Tuesday, November 4, 2014

Film Review: Over Gut 6

Two different B1G teams ran the exact same zone blitz scheme on Saturday, and both teams successfully got to the QB. The scheme: Over Gut 6. This is a scheme that Monte Kiffin loved to run dating back to his time with the Bucs, and more than a decade and a half later, it’s still working in major college football (it’s probably more accurate to say Tony Dungy loved to run it with the Vikings, but I don’t have proof of that). Let’s first go over how it is run and then show examples of both PSU and Michigan running it successfully.

This is the standard disclaimer about terminology. Besides the name of the blitz scheme, none of the other terminology has anything to do with Kiffin, as I find his terminology to be confusing and conflicting with many modern terminology (for instance “Box” as a word to describe “Flat rules”, which is essentially technique/rules for how to carry and defend the seam and then defend the flat).

Over – Over is the front, it’s either a 4-3 Over or a Nickel Over (though an even front can work as well)

Gut – Gut means that there will be three defenders blitzing the A-gap. Yes, that’s right, this isn’t double A-gap blitz, it’s triple.

6 – This means it’s a 3 deep, 3 underneath zone coverage.

And past the name there are some checks that will be made based on formation and play.

Change It – Changes the responsibility of the SS and the DE.

Gut/Final 3 – Read #2 to #3 and finish on #3 if he releases into a route. Final 3 indicating the receiver that becomes #3 once receivers commit to route.

Lock – Lock onto the #1 on any route that commits vertical.

Flat Rules – Play on the inside foot of #2. Square shoulders to receiver and re-route. Play as wide as the widest receiver other than #1. Peel off once receiver commits outside of #2.

Gut/Final 3 – Play inside out. Work inside the #3 until he commits outside, then maintain inside leverage.

Over Gut 6
Here a look at how Over Gut 6 works against a base formation.

DEs9 Tech. Flat Rules: Hold off seam until threatened by #3. If #2 is detached: "Change it" - Gut Technique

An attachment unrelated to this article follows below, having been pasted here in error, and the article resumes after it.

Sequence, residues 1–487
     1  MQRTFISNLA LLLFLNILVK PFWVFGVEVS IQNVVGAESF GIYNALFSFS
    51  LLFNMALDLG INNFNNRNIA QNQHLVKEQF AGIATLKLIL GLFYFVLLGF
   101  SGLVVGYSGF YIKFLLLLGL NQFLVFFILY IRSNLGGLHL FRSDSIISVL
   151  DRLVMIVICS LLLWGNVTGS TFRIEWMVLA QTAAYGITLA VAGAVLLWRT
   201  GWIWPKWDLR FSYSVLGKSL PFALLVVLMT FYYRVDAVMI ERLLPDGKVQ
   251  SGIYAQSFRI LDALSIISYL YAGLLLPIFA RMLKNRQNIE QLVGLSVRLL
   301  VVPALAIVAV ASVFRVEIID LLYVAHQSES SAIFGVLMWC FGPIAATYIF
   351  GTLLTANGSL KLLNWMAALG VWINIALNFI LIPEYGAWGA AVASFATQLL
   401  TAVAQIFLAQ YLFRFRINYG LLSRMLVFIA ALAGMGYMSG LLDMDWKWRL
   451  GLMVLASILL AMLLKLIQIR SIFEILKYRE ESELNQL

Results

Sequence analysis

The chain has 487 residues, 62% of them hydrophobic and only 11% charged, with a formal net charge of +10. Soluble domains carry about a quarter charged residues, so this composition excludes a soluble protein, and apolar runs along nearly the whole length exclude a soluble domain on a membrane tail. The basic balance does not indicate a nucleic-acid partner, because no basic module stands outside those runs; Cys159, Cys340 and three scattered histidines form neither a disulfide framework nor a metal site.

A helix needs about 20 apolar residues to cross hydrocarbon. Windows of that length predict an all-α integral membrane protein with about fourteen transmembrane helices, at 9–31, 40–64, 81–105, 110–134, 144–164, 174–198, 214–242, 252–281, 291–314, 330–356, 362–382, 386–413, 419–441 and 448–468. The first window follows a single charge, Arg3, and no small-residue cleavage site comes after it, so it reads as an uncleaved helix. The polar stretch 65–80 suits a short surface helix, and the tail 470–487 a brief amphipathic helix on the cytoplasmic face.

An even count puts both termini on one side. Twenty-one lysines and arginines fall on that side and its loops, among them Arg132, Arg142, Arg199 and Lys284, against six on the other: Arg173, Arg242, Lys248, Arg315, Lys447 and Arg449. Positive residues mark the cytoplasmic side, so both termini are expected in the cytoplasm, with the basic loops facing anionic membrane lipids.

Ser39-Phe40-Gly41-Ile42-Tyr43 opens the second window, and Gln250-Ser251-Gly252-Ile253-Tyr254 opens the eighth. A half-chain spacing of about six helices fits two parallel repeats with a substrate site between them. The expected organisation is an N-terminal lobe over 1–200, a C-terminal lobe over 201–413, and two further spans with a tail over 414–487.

DTsHot B Gap. Shoot B gaps hard at OG's outside shoulder, attack shoulder with with inside arm, grab, and turn OG's shoulders to you while splitting OT and OG; contain play. If OT turns back to you, continue to loop to contain pocket.
MIKEHit alignment side A gap hard. Draw attention from interior blockers and back. If they commit to you, use hands and force to get them to turn shoulders toward you.
WILLHit alignment side A gap hard. Draw attention from interior blockers and back. If they commit to you, use hands and force to get them to turn shoulders toward you.
SAMFollow MIKE/WILL into A gap, split them. If Center or Back commit to MIKE or WILL, stay outside the blocker.
CBsStay left and right and play tight 3 Deep if #2 is not displaced.
SSGut Drop. If #2 is displaced, "Change it". Vs spread go to wide side. Be alert to hot.
FSAlways drop in the hole.

Here’s a look against a trips set, where a “Change It” call is made.

Penn State
In this case, the Nittany Lions went to their Nickel formation, which swaps the third blitzer through the A gap from the SAM to the SS. Maryland goes to a trips set with a RB aligned to the trips. The NB is going to play his flat rules, where he’ll reroute #2 and work to the flat. The DE plays his Final 3 technique, working to play inside-out. The two ILBs also twist, which distracts the interior OL.

Here’s what it looks like in pictures:

After the snap you see the blitzers committing to their lanes. Notice that both DTs have forced the OGs to follow them outside. To the top of the screen, the OT has turned back, so the OT to that side will continue to work outside. The Center has taken the MIKE, the RB has taken the WILL, leaving the SS free on his blitz. Notice on the top of the screen, the NB settling down to reroute the #2, and the DE dropping nearly straight back on his Gut technique. The DE to the bottom of the screen is looking to drop into any quick route from the lone receiver to the bottom of the screen. By spot dropping and looking at the receiver, he can essentially shield any hot route to the single receiver side.

Everyone covered deep, the SS with a free shot at the QB, which results in a sack.

Indiana comes out in a similar formation as Maryland did against PSU. They run an open trips set with the TE detached from the formation. Here, you'll see the CB to the single receiver side in a "Lock" situation, where he will follow the receiver. This is because there is no second vertical threat to his side, so his deep third is not threatened. The DE to the top of the screen spot drops, keeping his eyes in the backfield, looking for the RB attempting to leak. Both ILBs attack the playside A gap and the SS follows them through. Also see how the DE at the bottom of the screen plays his Gut Technique: he squares up to the #3 working inside, trying to wall him off, playing inside-out and underneath. This prevents any sort of hot read and protects the underneath middle area of the field which is exposed from the three blitzing players.

Here's how it looks in play.

You'll note Michigan is playing this more like a Cover 1, which they may be, but more likely it' simply an adjustment to their Cover 3 and how they want to carry the seam.

And here's the video

You can see above how you can play this as a Cover 1, but here's a figure.

Also, Cover 0

Or how about Gut 5, which is 3 deep and 2 underneath

Which just goes to show you there are a lot of ways to overload the interior.

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